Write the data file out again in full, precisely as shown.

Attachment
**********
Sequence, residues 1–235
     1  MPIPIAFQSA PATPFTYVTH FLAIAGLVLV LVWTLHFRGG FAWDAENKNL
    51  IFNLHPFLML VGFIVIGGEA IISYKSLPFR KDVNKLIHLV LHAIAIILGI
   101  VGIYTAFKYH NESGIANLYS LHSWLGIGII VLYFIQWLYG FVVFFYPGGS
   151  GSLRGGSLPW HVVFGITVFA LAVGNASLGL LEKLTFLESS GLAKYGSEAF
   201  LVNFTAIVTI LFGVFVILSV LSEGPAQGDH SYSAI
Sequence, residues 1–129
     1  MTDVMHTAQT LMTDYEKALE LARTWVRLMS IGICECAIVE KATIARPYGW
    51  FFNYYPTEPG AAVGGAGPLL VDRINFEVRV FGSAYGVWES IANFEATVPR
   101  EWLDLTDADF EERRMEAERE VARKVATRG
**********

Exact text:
Sequence, residues 1–235
     1  MPIPIAFQSA PATPFTYVTH FLAIAGLVLV LVWTLHFRGG FAWDAENKNL
    51  IFNLHPFLML VGFIVIGGEA IISYKSLPFR KDVNKLIHLV LHAIAIILGI
   101  VGIYTAFKYH NESGIANLYS LHSWLGIGII VLYFIQWLYG FVVFFYPGGS
   151  GSLRGGSLPW HVVFGITVFA LAVGNASLGL LEKLTFLESS GLAKYGSEAF
   201  LVNFTAIVTI LFGVFVILSV LSEGPAQGDH SYSAI
Sequence, residues 1–129
     1  MTDVMHTAQT LMTDYEKALE LARTWVRLMS IGICECAIVE KATIARPYGW
    51  FFNYYPTEPG AAVGGAGPLL VDRINFEVRV FGSAYGVWES IANFEATVPR
   101  EWLDLTDADF EERRMEAERE VARKVATRG